- Frequent ER visits leading to compulsive requests for narcotics and benzodiazepines
- Prior history of drug or alcohol misuse
- Current untreated addiction
- Poorly controlled psychiatric illness
- Erratic / poor follow-up track record
Chronic or recurrent pain syndromes (with notable exceptions like renal colic occurring after an interval of months to years) are not acute problems amenable to treatment in, or from, the ED. Patients with these conditions require consistent outpatient treatment from a regular provider or a pain management center.
How to approach suspected prescription drug misuse:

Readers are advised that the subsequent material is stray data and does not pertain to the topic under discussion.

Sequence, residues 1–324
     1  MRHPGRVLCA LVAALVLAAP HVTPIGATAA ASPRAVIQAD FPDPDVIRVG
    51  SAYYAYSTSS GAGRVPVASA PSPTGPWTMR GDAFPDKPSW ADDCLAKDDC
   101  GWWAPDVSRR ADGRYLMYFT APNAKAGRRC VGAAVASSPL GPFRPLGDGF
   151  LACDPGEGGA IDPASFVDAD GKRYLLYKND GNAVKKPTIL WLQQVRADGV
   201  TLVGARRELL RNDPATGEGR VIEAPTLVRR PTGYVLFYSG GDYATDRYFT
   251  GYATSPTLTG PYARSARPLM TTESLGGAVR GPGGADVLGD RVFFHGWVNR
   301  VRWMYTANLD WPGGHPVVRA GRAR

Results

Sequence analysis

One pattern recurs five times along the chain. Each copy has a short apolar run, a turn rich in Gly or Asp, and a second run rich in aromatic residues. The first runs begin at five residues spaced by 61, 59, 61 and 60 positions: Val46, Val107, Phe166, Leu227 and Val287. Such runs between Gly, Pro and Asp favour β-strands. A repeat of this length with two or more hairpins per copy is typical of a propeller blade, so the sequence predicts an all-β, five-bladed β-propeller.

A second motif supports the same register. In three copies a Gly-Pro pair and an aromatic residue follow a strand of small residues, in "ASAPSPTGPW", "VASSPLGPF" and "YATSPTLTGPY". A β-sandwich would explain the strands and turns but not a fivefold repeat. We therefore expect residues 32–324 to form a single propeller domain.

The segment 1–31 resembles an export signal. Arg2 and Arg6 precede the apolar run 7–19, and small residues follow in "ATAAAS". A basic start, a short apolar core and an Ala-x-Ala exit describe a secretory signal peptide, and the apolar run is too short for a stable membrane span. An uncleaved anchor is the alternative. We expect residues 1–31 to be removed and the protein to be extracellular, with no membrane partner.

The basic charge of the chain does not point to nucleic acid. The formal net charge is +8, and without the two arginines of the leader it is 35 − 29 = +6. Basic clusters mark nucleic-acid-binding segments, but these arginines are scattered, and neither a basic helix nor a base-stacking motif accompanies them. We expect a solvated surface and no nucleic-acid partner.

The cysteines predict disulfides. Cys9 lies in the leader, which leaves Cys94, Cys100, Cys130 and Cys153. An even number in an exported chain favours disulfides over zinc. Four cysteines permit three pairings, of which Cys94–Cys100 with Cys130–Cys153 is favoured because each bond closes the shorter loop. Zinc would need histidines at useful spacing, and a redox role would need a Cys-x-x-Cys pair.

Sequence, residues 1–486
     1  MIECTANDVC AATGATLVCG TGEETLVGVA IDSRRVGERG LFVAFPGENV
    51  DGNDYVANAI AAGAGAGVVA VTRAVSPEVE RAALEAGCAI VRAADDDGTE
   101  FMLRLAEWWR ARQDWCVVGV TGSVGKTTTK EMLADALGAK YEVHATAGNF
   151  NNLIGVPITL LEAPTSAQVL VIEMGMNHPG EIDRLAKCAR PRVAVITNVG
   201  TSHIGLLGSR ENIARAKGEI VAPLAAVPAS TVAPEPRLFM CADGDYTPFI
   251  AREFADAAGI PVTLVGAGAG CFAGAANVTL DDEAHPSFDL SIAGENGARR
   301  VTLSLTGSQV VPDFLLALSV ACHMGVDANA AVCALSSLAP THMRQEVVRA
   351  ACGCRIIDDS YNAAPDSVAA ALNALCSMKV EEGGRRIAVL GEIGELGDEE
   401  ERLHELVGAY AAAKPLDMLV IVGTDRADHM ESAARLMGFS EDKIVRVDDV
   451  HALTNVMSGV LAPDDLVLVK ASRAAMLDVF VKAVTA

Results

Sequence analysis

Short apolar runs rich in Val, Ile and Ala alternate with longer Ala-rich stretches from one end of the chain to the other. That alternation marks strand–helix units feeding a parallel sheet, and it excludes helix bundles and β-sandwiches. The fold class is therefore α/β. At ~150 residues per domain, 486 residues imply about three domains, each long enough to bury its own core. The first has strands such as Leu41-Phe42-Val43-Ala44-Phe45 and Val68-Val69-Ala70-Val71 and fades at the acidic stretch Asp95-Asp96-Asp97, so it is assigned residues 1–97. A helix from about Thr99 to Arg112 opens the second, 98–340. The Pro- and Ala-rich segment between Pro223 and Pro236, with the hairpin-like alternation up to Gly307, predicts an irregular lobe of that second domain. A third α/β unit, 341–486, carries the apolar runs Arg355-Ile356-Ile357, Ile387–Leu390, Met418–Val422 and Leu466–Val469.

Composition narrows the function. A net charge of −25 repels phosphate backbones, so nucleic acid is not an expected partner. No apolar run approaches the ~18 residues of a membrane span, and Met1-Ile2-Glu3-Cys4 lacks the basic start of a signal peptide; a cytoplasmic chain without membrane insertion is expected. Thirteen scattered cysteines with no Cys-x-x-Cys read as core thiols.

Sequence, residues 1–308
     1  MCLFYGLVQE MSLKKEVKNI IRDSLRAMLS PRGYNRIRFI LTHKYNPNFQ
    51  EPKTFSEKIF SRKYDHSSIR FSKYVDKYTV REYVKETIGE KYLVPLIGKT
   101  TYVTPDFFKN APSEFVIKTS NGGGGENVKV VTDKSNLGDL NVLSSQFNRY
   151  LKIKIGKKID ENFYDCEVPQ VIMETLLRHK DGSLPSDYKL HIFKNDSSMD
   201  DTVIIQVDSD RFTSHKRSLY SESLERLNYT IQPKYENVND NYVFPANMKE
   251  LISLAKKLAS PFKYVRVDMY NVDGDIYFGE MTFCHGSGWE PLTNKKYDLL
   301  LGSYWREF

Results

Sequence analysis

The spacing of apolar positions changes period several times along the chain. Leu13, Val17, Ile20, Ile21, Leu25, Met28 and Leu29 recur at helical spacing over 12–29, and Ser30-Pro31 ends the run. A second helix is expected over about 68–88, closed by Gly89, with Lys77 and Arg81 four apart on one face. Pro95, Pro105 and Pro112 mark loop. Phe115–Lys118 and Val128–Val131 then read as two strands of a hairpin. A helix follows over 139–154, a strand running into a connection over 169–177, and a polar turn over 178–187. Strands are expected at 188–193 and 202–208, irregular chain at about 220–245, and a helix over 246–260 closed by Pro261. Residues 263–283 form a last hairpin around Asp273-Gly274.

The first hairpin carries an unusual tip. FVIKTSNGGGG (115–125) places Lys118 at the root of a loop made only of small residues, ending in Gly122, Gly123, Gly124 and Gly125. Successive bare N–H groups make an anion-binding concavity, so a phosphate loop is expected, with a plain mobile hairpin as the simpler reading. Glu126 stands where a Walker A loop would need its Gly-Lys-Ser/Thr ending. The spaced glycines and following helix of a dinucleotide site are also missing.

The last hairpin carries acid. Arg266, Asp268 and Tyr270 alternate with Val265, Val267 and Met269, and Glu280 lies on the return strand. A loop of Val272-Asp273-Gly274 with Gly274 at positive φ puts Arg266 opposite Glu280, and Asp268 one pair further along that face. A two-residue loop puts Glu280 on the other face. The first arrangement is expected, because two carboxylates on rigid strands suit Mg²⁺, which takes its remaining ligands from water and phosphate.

- Communicate and document a patient risk assessment; discussion of risks and harms of treatment;
- Contraindications to treatment with controlled substances:
- Current untreated addiction
- Poorly controlled psychiatric illness
- Erratic follow-up
- Assess patient-reported data in light of collateral data from objective sources (family, medical record, physical exam findings)
- Contraindications to treatment with controlled substances:
- Optimize alternative treatment options
- nonpharmacologic treatment with self-management strategies, behavioral treatments, physical therapy, as well as non-controlled pharmacotherapy.
- Draft and follow a treatment agreement (treatment plan)
- shared decision-making, treatment goal-setting, informed consent, and defining the monitoring plan
- Requiring patients to utilize the same pharmacy and regular follow-up with the same primary care provider (limiting dose and early refills)
- Focus on the specific medical concern at hand
- Deferral to chronic pain clinics